first_imgShare Facebook Twitter Google + LinkedIn Pinterest By Chris ClaytonDTN Ag Policy EditorNEBRASKA CITY, Neb. (DTN) — The U.S. Army Corps of Engineers is warning residents throughout the Missouri River watershed that the risks for spring flooding in 2020 remain high.This week, the Corps has been holding fall meetings throughout the Missouri River Basin as a normal course of business to detail projected water storage, anticipated precipitation and flood expectations for next spring.For roughly 100 residents who showed up Thursday night in Nebraska City, the event was an emotional release and a chance to demand change in the Corps’ management and vent over the more than eight months of floodwaters with some farms and homes still under water.Alice Hodde, who farms with her husband in Fremont County, Iowa, has seen her home lost and farm income wiped away twice in eight years. Hodde said she and her husband, Lyle, both in their late 60s and early 70s, are too old to start over.Alice Hodde said farmers are stressed emotionally, and she is concerned about suicide risks.“Do you know the human toll this takes on a farmer?” she asked the top Corps official at the meeting. “We can’t start over. We’re too old … I think something needs to change.”Lyle Hodde later told DTN, “Right now, this flooding is ripping families apart.”Alice Hodde said a small group of people affected in Fremont County had written more than 800 letters to federal officials, seeking to change how the Corps manages the river.Looking at conditions in the basin right now, the major water-holding dams at Fort Peck, Montana, Garrison Dam in North Dakota and Oahe Dam in South Dakota all are storing roughly 6 feet to 7.5 feet above normal reservoir levels.On the ground, soils are considered “extremely wet” throughout the upper basin in Montana, North Dakota and South Dakota, down into a large section of Nebraska as well. Those wet soil conditions are likely going to carry into spring and translate into higher runoff.Rainfall levels in both the last six months and the last 12 months have been above normal across the Missouri River Basin. South Dakota has hit record levels of rainfall over the past year.“Throughout the entire basin, it has been an extremely wet year,” said Kevin Grode, who leads the Corp’s reservoir regulation team for the Missouri River Basin.And precipitation forecasts remain high. At a regional NOAA call earlier this month, Doug Kluck, regional climate service director for the Midwest, stressed that not only is the basin saturated with high soil moisture, but the region also has an increased chance for higher-than-average precipitation through January.“Anything that falls will have complications to it,” Kluck said on a webinar. “What we need is an extended period of dryness in a warmer time of the year to dry the soils out.”Corps officials and National Weather Service staff in Omaha also pointed to higher-than-average precipitation through January.The Corps currently is releasing 80,000 cubic feet per second (cfs) from the Gavins Point Dam in South Dakota, the final dam in the Missouri River system. The Corps has maintained high flow volumes since the “bomb cyclone” in mid-March that hit South Dakota and Nebraska. The Corps anticipates the 80,000 cfs releases will remain that high through the end of November, then the flow volume will be brought down. Still, winter releases will remain high to drain about 1 million acre feet of water out of the dam system before spring runoff begins to hit.“We’re going to evacuate the flood-control storage, and we’re going to be as aggressive as we can,” said John Remus, chief of the Missouri River Basin for the Corps.Remus said it’s critical for the six dams on the river north of Iowa to have as much storage capacity as possible going into next spring, noting there is still a great deal of work needed to restore the levee system. At least some federal levees right now aren’t expected to be fully repaired until next summer.Residents frustrated with the flooding recommended the Corps either hold more water in the dam system to reduce river flows or keep higher flows going longer into the winter as a way to open up the dams to store higher volumes of spring runoff.Remus stressed the dams are based on a “what goes in has to go out” focus annually.Throughout the year, the Corps has released more than 61 million acre feet of water, more than twice the average volume of 25.4 million acre feet. By the end of 2019, volume releases for the year could top 2011, which was a record volume.From Sioux City to St. Louis, more than 300 miles of levees were damaged in this year’s flooding, which included 40 levee breaks just in the Corps’ Omaha District. While some levees in Iowa have been plugged, others levees, such as levee “536” in Atchison County, Missouri, likely won’t be completely repaired until next summer, Corps officials said.The Corps has been operating on a three-prong approach for recovery from current flooding on the river. The first focus is to close the breaches, then work to build the levees back to authorized height. The Corps received $1.1 billion in supplemental funding from Congress last month to help with flood recovery.After that is done, the Corps intends to take a long-term holistic study of the Missouri River system that could take from three to five years to complete. That study would look at long-term adjustments to levees, possibly bringing non-conforming agricultural levees into the federal system and tackling choke points in the river system.There were a lot of concerns about whether the basin can wait as many as five years for a study, which then might lead to congressional funding and action to better protect the basin even further into the future after the study is completed.Speakers in Nebraska City pushed hard on the Corps to change its 2004 master manual for the Missouri River. Farmers and others believe one of the reasons flooding happened in 2011 and 2019 was because the Corps gives too much deference to the U.S. Fish and Wildlife Service for endangered species habitat restoration in the 2004 manual.“Let’s go back to the 1979 manual,” said Leo Ettleman, a farmer in Fremont County, Iowa. He added, “We have got to get Fish and Wildlife out of the management of the Missouri River or we will continue to flood, and that’s all there is to it.”Remus was reluctant to consider changes to the master manual. He said such changes would have to come from Congress or a federal judge ordering the Corps to change the manual.Speaking to DTN after Thursday’s meeting, Remus said the Corps looked at changing the manual after 2011 to factor in climate changes that have intensified rainfall in the northern part of the watershed. That didn’t happen, though, and the Corps right now does not factor in a changing climate to consider how to manage the river.“As long as what comes in must go out, the longer you hold it, the higher the flows are in the fall,” Remus said. “You may be causing flooding as many years as you are preventing it.”Other residents questioned whether the flooding was happening as a way for the Corps and U.S. Fish and Wildlife to take away farmland. The Hoddes, for instance, lost 600 acres in the 2011 flood that had to go permanently into a wetlands program. Remus said he could not talk about issues such as taking of land because of ongoing litigation.Chris Clayton can be reached at [email protected] him on Twitter @ChrisClaytonDTN(AG/)© Copyright 2019 DTN/The Progressive Farmer. All rights reserved.last_img read more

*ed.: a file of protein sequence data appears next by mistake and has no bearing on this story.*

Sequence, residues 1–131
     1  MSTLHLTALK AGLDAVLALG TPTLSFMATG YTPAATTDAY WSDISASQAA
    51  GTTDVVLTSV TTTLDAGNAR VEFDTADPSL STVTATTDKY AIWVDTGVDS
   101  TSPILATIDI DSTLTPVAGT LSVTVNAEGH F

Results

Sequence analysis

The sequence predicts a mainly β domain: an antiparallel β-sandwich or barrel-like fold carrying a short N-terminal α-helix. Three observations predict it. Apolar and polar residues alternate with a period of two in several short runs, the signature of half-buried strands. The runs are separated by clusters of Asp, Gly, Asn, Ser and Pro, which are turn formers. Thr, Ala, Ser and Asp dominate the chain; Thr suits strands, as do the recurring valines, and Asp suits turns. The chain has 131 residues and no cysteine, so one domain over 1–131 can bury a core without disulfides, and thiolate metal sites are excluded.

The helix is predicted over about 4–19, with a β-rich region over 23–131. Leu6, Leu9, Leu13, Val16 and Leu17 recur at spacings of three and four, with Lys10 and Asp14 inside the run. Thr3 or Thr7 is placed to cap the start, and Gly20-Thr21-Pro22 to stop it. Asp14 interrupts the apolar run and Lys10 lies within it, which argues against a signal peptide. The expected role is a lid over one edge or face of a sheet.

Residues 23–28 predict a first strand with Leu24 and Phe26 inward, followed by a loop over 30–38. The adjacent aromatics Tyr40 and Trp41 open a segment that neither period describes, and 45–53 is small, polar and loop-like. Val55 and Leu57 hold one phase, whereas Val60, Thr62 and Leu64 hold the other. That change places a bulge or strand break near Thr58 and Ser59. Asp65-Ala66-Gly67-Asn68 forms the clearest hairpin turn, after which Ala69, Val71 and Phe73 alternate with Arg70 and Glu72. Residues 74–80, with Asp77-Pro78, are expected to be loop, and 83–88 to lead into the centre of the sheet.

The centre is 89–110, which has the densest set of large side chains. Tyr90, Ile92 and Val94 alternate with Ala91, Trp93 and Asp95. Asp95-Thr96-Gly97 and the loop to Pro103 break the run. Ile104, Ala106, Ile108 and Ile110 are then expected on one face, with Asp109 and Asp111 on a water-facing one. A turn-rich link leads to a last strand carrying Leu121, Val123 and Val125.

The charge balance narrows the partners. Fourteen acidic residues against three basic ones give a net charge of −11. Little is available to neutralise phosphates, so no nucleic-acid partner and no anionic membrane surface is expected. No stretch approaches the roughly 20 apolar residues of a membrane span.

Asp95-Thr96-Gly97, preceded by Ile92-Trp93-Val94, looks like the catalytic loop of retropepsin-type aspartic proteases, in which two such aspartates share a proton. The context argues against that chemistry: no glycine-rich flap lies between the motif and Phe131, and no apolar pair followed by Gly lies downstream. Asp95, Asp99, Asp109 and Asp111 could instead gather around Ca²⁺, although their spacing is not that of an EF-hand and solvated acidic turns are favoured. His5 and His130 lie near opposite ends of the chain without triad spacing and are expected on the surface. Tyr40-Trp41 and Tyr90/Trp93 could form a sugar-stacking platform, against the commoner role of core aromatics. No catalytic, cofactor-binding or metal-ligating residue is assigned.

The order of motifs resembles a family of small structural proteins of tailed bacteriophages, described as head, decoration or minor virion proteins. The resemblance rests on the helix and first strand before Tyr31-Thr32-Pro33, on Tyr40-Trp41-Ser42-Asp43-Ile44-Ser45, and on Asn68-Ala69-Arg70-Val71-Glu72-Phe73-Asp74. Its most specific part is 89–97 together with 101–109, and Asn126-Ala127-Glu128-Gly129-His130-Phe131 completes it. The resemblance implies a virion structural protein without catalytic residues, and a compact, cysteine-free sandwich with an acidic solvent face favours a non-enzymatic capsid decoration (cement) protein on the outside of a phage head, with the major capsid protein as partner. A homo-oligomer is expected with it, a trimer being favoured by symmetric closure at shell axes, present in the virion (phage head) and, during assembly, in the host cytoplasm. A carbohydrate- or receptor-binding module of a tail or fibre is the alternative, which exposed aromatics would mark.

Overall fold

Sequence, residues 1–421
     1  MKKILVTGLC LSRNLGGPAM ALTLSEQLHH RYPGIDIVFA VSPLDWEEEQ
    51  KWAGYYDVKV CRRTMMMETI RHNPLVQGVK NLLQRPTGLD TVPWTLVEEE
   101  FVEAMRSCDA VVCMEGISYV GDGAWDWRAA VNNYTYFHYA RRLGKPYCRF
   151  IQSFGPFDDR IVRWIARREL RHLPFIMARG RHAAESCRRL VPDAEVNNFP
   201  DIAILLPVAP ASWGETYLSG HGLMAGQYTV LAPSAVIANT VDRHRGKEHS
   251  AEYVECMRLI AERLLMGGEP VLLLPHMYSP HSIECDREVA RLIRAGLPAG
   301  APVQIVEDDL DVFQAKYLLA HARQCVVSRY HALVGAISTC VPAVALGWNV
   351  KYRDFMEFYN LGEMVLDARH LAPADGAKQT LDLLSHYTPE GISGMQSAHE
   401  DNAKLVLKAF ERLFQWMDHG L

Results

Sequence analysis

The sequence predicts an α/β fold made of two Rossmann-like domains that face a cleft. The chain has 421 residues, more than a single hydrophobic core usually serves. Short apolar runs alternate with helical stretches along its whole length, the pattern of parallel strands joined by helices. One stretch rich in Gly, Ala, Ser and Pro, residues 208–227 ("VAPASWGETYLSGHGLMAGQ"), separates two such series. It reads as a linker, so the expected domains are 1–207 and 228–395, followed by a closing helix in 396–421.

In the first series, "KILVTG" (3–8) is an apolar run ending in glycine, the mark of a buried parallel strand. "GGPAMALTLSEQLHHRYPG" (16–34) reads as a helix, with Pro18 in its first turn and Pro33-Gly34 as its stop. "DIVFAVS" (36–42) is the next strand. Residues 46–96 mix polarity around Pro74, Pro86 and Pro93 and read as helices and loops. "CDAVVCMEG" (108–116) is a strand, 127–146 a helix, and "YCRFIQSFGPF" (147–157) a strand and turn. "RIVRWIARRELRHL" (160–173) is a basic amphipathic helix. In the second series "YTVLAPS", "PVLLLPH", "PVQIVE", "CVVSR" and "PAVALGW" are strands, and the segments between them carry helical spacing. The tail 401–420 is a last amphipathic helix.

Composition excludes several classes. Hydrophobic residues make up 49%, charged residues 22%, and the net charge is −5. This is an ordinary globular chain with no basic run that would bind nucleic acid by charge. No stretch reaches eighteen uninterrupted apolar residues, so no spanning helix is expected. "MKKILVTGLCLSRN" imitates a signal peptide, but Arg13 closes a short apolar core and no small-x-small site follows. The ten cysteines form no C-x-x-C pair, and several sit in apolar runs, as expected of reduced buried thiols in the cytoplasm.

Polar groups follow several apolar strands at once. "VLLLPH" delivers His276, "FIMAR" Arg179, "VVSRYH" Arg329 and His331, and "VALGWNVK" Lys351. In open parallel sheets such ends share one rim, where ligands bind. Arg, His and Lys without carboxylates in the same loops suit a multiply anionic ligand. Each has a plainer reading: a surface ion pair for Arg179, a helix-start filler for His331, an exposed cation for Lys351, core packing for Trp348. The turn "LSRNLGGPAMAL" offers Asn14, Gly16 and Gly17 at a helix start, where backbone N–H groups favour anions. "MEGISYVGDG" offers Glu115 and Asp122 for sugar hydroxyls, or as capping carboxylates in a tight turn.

Wanderlust: 17 Free LUTs to Use on LOG Footage